The Coming Anarchy

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The Coming Anarchy: How scarcity, crime, overpopulation, tribalism, and disease are rapidly destroying the social fabric of our planet is an influential article written by journalist Robert D. Kaplan, which was first published in the February 1994 edition of The Atlantic Monthly. It is considered to be one of the fundamental theses on the state of current world affairs in the post Cold War era, and is ranked on the same level of doctrinal importance as Samuel Huntington's Clash of Civilizations and Francis Fukuyama's The End of History and the Last Man theses.[citation needed] U.S. President Bill Clinton reportedly recommended the article to White House staff.[1] It has also been criticized as a Malthusian reading of the world, for blaming the situation on its victims and for overlooking alleged political and economical causes such as neoliberal policy.[2]

The article[edit]

Whilst Fukuyama believed that the end of the Cold War would bring about a new era of peace in world affairs, Kaplan argued that the Cold War was the closest the world would ever get to Utopia. The new struggles were no longer neatly ideological, but cultural and historical. Kaplan saw the disorder and civil strife he observed in West Africa as representative of broader global trends. As environmental stress worsened, bringing with it widespread disease and resource conflict, social disharmony would increase as identities are redefined along cultural or tribal lines rather than the lines of often artificial political borders. Politics would become localized as states’ powers fade, with sub-national conflicts about self-defense, not ideology, becoming commonplace. The post-modern world would be, for Kaplan, one of numerous cross-cutting identities, systems and allegiances, far from the ordered state-based system that Kaplan saw in the West at the time.

20 Years Later[edit]

20 years after the original publication of the original article, Robert D. Kaplan published a follow up article, entitled Why So Much Anarchy? , reflecting on the original's article relevance on current events, especially in Arab countries.[3] In this new article, Kaplan recognizes that some of his prophecies, such as a revival of racial violence in America, did not come to be. However, he also stands by some of his more provocative arguments, such as the belief that "Islam is a religion ideally suited for the urbanizing poor who were willing to fight [sic]". He thus mentions the growing popularity of Turkish President Erdogan's conservative Justice and Development Party, largely seen as aligning itself with islamic tendencies, as fulfilling his prediction of the rise of political Islam in Turkey. He also advances further arguments to determine which regimes are bound to fail, notably the presence of a strong, robust bureaucracy, which in turn necessitates a well entrenched middle class. Thus, the arguably successful democratic transition of most former Soviet republics into stable democracies can be explained by a strong bureaucratic apparatus backed by an important middle class. The lack of "bourgeoise traditions", on the other hand, can be interpreted as one of the main reasons of the failure of states such as Sierra Leone. Overall, Kaplan sticks to his original narrative, forecasting an inevitable anarchy on vast portions of the world.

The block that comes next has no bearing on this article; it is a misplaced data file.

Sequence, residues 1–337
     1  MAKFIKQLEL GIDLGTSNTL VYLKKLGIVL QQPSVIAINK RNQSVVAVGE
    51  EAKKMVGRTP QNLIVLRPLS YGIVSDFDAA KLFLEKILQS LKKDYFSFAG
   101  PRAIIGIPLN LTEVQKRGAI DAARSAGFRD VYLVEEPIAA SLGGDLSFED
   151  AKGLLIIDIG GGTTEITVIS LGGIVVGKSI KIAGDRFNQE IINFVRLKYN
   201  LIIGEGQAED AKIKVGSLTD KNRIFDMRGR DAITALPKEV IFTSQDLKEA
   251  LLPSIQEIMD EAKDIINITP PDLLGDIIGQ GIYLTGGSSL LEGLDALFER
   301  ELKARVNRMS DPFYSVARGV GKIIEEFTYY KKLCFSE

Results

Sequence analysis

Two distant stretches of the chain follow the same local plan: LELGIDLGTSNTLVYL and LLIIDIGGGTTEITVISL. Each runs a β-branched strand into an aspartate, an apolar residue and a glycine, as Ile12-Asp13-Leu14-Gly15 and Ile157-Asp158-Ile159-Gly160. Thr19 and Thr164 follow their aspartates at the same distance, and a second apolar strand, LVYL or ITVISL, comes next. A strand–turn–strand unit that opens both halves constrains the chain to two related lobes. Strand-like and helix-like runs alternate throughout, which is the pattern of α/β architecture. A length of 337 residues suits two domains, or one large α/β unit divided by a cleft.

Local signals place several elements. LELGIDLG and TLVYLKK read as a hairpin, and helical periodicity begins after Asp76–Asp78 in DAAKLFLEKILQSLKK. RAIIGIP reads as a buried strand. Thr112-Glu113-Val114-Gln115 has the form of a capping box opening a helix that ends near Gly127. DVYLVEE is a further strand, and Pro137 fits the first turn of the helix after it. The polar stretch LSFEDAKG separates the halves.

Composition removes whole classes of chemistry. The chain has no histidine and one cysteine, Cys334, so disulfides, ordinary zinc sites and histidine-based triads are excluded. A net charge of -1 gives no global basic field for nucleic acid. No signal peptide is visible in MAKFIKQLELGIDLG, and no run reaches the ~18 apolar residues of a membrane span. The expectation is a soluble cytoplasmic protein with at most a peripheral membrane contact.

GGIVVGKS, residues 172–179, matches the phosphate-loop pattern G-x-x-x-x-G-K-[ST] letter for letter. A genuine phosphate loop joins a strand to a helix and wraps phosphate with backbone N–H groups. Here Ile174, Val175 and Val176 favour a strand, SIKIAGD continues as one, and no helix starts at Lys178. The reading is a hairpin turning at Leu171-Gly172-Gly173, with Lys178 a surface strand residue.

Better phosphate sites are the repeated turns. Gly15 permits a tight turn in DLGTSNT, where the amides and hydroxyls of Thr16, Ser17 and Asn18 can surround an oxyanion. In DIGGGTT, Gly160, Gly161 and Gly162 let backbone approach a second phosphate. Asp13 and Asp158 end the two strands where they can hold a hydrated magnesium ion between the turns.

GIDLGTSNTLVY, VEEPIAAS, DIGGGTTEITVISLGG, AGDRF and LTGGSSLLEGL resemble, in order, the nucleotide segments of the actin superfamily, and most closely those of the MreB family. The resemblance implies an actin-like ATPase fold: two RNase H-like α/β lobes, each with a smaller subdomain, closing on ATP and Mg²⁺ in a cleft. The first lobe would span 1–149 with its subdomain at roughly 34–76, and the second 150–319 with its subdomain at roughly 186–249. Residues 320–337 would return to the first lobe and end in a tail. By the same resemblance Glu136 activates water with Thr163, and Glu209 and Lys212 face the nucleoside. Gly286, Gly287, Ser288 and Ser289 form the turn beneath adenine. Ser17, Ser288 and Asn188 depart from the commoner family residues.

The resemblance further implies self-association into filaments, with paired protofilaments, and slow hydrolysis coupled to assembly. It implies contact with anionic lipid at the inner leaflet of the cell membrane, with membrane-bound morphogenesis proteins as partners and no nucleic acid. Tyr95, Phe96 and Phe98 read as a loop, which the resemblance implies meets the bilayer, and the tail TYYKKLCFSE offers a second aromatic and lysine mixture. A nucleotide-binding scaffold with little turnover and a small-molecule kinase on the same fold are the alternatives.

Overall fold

The book[edit]

The article was republished as the first chapter of the book The Coming Anarchy in 2000. The book also included the controversial article Was Democracy Just A Moment? and several others by Kaplan.

See also[edit]

External links[edit]


  1. ^ Lester, Toby (August 1996). "Beyond "The Coming Anarchy"". The Atlantic Online. The Atlantic Monthly Company. Retrieved 1 February 2016. 
  2. ^ Harvey, David (2005). A Brief History of Neoliberalism. Oxford University Press. p. 185. ISBN 978-0-19-928326-2. 
  3. ^ "Why So Much Anarchy?". Stratfor. Retrieved 2016-02-02.